Throughout his life, like Rembrandt, Van Gogh painted and re-painted himself in different lights and with different approaches. His self-portraits have been the fodder for intense and highly debated psychoanalysis, and doubtless for a man like Vincent Van Gogh this approach to studying his art can lead to very interesting, if not enlightening, conclusions; but I will endeavor to stick to the artistic side of his work, since my chief interest is in conveying the importance of his art's impact on our study of Western art history, and forget Freudian psychology (for now).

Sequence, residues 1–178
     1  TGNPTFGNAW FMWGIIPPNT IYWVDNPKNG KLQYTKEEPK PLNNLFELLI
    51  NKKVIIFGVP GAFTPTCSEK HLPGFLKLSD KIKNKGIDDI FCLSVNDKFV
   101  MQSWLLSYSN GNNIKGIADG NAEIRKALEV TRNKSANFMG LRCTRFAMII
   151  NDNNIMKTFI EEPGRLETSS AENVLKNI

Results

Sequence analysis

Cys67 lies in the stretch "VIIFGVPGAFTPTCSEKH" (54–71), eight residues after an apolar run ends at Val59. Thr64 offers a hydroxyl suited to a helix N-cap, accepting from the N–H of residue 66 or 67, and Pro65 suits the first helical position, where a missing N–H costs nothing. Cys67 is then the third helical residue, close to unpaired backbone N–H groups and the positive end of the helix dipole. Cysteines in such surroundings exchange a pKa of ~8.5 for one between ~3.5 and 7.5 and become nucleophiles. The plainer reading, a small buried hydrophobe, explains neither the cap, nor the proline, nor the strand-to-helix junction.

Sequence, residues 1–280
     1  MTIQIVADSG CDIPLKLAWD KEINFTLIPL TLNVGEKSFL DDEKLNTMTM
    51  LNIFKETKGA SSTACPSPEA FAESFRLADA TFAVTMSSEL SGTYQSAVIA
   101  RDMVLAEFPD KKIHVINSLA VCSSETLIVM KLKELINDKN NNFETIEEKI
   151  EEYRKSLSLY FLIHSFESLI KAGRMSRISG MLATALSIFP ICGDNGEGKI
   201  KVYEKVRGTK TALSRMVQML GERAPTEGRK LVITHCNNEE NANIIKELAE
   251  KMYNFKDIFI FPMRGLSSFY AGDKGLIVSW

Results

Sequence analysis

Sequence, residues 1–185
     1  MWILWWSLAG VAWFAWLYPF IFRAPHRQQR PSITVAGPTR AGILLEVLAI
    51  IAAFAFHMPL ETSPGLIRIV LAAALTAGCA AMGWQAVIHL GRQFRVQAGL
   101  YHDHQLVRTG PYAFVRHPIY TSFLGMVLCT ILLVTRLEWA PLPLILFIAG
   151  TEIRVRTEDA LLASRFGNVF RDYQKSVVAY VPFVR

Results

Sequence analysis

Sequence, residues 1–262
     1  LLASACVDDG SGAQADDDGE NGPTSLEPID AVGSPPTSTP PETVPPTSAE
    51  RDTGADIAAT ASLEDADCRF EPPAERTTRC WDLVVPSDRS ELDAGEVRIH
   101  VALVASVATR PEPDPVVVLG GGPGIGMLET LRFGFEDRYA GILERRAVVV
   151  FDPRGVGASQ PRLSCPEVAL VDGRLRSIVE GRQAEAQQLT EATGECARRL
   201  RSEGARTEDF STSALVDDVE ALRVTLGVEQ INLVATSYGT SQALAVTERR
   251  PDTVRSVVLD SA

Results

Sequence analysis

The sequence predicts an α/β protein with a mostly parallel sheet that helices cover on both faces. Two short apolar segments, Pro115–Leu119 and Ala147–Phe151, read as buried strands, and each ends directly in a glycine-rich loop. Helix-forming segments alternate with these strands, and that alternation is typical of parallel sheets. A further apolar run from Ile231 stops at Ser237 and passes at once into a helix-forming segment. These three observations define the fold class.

After his move to France, Van Gogh's paintings became almost immediately infused with color. Vibrant, vivid, and even excessive, the colors in these later paintings of his surge with a kind of kinetic energy along the surface of the canvas. We'll see this more in just a little bit, but for now we can see an immediate change from the previous approach to painting which we saw with The Potato Eaters. Here the artist has painted himself with dots and quick, tiny brushstrokes of color that range all across the spectrum of the color wheel. On his face alone we see beige, red, orange, green, brown, and blue—all quite extreme colors and not toned down or mixed to a lighter shade. They are merely dabbed in scarcity here and there to add a vibrancy and electricity to the image. We barely notice that we are looking at so many colors, but our eye nonetheless feels the attraction to look at this image. On his coat we see even more colors: purples, turquoises, pinks, and reds. White lines his collar, and a bright blue patch marks a necktie or cravat. As if that wasn't enough, the background of this painting is sheer color. The viewer is given no sense of location or environment. All Van Gogh has done is paint dabs of color all around him, as if lost within his own painter's palate. And the colors aren't even subtle, either. Blue clashes with red clashes with green clashes with orange clashes with violet—what on earth is going on here? All these dots of color spotted onto the canvas and surrounding the painter appears chaotic, overpowering, eclectic at best. Why so many colors? The answer to this simple but greatly significant question is made clearer as we delve a bit deeper into Van Gogh's artwork….